New Hardy Players to stage drama to commemorate the Great War
PUBLISHED: 17:00 23 July 2014 | UPDATED: 17:01 23 July 2014
Thomas Hardy’s work has never had more resonance than now as preparations start to commemorate the Great War. To mark it, the New Hardy Players will stage a drama last directed by Hardy himself in 1916
It is June 1916, the eve of the Battle of the Somme, and the Hardy Players are preparing to perform scenes from The Dynasts by Thomas Hardy to raise money for the Red Cross.
Hardy himself has written the script and oversees the production. He writes a foreword contrasting the “scientific slaughter” of the current war with the chivalry and relative inefficiency of the long campaigns against Napoleon.
The Players struggle to cast the play due to leading members being called up, but still the Show Must Go On! ...
A century later, as part of the commemorations for the start of the Great War, the New Hardy Players will re-create both the occasion and the performance of the original Hardy Players. It features the threat of invasion by France, the aftermath of the Battle of Trafalgar, the death of Nelson, and the final epic struggle at Waterloo as seen through the eyes of the Wessex folk in Budmouth. With songs and music from Napoleonic times and World War One, rich local dialect and a mummer’s play, the performance has tremendous resonance and interest for modern-day audiences.
Directing this exciting production is Tim Laycock, a well-known singer, actor, musician, storyteller and historian, who also arranged, composed and conducted the music for this year’s Dorchester community play, Drummer Hodge.
To fully appreciate what the New Hardy Players are doing this year, Tim says you need to set it in context of the original Hardy Players.
“They were a group of local people, mostly resident in Dorchester, with an interest in theatre and performance,” says Tim, who is himself Dorset born and bred. “They performed all the first adaptations of Thomas Hardy’s novels as stage plays, usually in the Corn Exchange or the old Pavilion in Weymouth. The plays were very popular and attracted a lot of press attention, mainly because Hardy was such a significant national figure at that time.”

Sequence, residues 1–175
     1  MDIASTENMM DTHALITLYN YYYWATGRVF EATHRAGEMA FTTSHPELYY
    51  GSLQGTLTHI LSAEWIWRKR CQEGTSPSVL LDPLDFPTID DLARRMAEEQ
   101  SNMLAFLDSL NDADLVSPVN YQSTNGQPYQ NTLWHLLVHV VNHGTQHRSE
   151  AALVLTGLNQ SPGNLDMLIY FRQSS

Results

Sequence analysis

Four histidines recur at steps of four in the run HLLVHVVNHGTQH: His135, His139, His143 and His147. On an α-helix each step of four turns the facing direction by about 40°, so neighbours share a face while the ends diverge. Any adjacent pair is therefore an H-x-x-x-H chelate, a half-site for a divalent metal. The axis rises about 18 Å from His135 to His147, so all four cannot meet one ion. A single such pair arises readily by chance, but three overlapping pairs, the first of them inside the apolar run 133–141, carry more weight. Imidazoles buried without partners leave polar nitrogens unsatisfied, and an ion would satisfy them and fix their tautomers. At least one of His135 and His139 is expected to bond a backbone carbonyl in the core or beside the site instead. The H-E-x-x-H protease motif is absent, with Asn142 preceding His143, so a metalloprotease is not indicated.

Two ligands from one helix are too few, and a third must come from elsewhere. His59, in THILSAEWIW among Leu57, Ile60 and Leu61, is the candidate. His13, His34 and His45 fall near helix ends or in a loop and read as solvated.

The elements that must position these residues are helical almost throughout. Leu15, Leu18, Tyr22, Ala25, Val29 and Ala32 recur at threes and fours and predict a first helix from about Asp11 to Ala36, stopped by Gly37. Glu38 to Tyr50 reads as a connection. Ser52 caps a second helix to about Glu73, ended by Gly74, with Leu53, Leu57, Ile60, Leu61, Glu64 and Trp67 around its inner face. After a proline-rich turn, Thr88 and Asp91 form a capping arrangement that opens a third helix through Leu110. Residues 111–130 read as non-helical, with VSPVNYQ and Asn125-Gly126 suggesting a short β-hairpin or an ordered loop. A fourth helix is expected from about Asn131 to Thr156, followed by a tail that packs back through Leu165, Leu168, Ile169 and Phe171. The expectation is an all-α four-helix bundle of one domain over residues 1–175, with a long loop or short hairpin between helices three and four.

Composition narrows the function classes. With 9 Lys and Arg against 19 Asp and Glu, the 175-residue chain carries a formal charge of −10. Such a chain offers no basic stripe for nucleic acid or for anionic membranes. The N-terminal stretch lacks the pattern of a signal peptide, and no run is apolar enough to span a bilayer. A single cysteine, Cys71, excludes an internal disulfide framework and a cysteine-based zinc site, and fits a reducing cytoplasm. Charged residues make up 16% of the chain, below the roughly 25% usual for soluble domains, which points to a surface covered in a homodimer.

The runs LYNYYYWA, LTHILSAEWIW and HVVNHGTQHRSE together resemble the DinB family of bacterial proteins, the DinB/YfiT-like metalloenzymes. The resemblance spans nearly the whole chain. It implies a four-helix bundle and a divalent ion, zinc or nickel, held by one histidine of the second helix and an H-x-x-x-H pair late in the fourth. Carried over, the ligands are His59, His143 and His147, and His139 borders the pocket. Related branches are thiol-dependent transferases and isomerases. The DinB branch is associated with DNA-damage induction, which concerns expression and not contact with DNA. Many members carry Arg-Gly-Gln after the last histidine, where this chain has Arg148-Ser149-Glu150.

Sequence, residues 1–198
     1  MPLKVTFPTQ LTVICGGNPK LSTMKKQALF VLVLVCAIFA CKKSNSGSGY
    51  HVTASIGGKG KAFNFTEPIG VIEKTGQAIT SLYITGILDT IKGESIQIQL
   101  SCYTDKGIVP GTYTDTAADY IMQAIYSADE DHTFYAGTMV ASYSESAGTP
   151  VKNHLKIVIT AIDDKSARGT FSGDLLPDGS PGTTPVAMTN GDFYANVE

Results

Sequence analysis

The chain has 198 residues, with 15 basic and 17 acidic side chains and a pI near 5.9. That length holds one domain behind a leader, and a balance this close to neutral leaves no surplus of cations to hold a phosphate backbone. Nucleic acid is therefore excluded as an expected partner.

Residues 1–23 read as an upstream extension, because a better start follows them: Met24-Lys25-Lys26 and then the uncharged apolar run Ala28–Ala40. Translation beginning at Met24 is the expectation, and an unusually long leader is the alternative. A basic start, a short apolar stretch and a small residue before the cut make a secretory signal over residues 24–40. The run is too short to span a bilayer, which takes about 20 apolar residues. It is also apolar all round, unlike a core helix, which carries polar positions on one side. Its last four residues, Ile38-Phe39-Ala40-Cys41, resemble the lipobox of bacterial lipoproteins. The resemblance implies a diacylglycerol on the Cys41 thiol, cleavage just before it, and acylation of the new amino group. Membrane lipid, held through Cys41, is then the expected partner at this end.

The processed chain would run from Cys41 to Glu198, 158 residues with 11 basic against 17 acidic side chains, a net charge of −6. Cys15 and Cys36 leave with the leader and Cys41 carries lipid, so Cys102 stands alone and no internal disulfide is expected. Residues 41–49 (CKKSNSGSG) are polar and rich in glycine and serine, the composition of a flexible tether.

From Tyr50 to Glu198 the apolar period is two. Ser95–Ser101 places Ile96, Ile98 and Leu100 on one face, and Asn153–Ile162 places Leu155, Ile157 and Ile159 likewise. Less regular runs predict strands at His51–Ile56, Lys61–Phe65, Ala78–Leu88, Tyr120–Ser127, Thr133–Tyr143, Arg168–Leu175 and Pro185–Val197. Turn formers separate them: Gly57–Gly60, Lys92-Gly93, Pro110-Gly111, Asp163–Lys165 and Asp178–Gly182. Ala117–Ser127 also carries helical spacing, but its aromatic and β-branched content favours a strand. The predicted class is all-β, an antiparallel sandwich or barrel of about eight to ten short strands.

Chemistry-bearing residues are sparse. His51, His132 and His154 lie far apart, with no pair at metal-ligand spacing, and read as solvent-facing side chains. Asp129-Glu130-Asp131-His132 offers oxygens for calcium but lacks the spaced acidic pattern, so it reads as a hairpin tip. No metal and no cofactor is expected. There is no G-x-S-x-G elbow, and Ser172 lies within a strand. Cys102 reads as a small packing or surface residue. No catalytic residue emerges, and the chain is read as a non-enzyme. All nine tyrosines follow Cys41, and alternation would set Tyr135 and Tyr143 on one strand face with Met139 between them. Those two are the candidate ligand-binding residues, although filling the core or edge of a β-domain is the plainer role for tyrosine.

At first Hardy was rather cautious, says Tim: “Although he had always loved theatre, he was also aware that the standard of acting amongst the Players was rather variable.
“In common with many amateur companies, they found it hard to attract young men, so the leading males often looked less than convincing as Hardy’s heroes. Their great strength was in portraying local, often comic characters like Christian Cantle and the Dewey family in Under the Greenwood Tree. They also had a great star in Gertrude Bugler, a lovely, natural actress who gave the first portrayals of such great Hardy heroines as Marty South (The Woodlanders) and Tess (Tess of the d’Urbervilles.”
Gertrude is also the link between the original Hardy Players and the New Hardy Players.
When the original Players performed Tess of the d’Urbervilles, her younger sister Norrie played Liza-Lu, one of the milkmaids. In 2004, when Norrie celebrated her 100th birthday she was asked what she would most like as a present. Her answer was that the Players should be re-formed. Norrie’s friend Devina Symes formed the group which now produces adaptations of the books and plays about Hardy and his life. Norrie, who died in 2011 aged 105, appeared in several productions.
“Many of us had the pleasure of acting with Norrie, and hearing her reminiscences of Thomas Hardy and the original productions. So we have a real sense of continuity with the original group,” says Tim. “Norrie was keen to encourage young people to develop an interest in the works of Hardy and in the theatre, and she very generously left a legacy to the Players specifically to allow us to help younger actors to take part in our productions.”
A unique collaboration